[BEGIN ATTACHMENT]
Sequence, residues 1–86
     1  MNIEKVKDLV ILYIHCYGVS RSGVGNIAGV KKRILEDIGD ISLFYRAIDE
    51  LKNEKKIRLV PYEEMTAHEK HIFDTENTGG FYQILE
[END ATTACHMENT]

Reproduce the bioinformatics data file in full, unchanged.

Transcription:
Sequence, residues 1–86
     1  MNIEKVKDLV ILYIHCYGVS RSGVGNIAGV KKRILEDIGD ISLFYRAIDE
    51  LKNEKKIRLV PYEEMTAHEK HIFDTENTGG FYQILE